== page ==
0

"PG&E, a Californian utility, was forced into bankruptcy protection in January after insurers and creditors fled when they concluded that it could be on the hook for billion-dollar liabilities over its possible role in sparking wildfires." Can anyone explain the logic of the sentence?

closed as off-topic by Jim, TimLymington, Jason Bassford, sumelic, jimm101 Feb 25 at 21:40

  • This question does not appear to be about English language and usage within the scope defined in the help center.
If this question can be reworded to fit the rules in the help center, please edit the question.

  • 2
    I'm voting to close this question as off-topic because this is about the California wildfires, not English. – Jim Feb 25 at 4:37
  • No, it is about meaning of an English sentense. – Lexinton Ave Feb 25 at 4:40
  • 1
    If you understood all the background on the recent California wildfires, I think the meaning would be clear. There’s no special grammar in it. So, in my mind it’s all about knowing the history and not about knowing English. For example if I translated the sentence to French (and you knew French) you’d probably still have the same question. – Jim Feb 25 at 5:05
  • Actually I dont know the background, so pointing out that makes sense in understanding the thing. – Lexinton Ave Feb 25 at 5:11
  • It can be closed now, since Jeremy has given a good answer. – Lexinton Ave Feb 25 at 5:33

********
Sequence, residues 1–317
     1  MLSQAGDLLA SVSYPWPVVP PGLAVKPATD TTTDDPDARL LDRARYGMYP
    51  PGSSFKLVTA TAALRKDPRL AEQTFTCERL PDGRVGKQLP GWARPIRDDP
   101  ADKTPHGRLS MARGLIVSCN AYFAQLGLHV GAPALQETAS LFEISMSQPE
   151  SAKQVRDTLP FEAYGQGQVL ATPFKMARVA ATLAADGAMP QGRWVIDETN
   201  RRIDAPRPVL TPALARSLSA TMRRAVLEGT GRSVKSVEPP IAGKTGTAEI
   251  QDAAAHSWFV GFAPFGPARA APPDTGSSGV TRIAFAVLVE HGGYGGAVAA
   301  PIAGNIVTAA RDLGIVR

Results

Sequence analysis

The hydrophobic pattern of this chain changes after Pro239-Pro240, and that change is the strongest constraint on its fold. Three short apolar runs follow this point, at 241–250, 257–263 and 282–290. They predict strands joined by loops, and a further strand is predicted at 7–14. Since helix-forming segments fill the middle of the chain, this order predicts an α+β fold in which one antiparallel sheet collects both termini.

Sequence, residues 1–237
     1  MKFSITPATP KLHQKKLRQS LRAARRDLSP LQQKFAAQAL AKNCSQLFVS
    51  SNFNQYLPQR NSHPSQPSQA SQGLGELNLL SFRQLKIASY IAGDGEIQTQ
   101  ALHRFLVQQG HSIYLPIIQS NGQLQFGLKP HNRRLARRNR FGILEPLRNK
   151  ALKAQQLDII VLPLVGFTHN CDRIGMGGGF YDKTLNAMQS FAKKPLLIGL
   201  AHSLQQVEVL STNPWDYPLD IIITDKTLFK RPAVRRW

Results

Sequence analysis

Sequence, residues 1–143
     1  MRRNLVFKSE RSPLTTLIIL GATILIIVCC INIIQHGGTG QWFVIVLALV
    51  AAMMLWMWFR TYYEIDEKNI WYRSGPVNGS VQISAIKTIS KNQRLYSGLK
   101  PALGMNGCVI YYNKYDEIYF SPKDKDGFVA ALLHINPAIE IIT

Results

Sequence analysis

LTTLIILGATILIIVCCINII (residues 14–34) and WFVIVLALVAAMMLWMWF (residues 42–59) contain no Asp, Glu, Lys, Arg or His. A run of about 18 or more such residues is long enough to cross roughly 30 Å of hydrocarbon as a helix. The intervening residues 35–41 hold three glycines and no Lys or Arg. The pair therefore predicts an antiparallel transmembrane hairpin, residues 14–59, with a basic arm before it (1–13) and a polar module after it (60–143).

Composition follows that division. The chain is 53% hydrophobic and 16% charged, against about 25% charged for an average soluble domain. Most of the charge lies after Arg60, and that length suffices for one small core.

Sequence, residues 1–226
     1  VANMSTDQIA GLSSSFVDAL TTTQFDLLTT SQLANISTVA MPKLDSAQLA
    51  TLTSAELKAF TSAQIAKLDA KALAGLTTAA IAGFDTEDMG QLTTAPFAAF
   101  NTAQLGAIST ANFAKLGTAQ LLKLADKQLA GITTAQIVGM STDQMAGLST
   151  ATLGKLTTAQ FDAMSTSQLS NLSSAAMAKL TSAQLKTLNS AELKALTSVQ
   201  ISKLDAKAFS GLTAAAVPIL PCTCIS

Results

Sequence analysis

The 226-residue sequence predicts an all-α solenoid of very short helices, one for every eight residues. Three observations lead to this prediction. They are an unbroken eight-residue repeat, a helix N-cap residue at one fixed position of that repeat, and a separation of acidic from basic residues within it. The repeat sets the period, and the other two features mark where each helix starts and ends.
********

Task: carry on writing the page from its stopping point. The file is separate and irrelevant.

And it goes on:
0

The sentence does not imply that PG&E sparked or started the wildfires. However, they may have had a role in sparking wildfires. In this particular case, the role that they played is explained in this CNN article:

The company, of course, is not suspected of intentionally causing any fires. Rather, it's under scrutiny for how it maintains its sprawling infrastructure that delivers electricity to some 16 million Californians -- much of it via above-ground power lines running through heavily forested public land.

Last year alone, PG&E equipment caused 17 fires, often after falling branches or trees came into contact with power lines, according to state fire officials. In 11 of those cases, state fire investigators found the company violated codes regarding brush clearance or related violations and referred the matters to local prosecutors for their review.

  • 2
    Yes, it does imply that PG&E literally sparked the wildfires, as they were (presumably) started by sparks from faulty electrical equipment owned by PG&E. – jamesqf Feb 25 at 5:59

Not the answer you're looking for? Browse other questions tagged or ask your own question.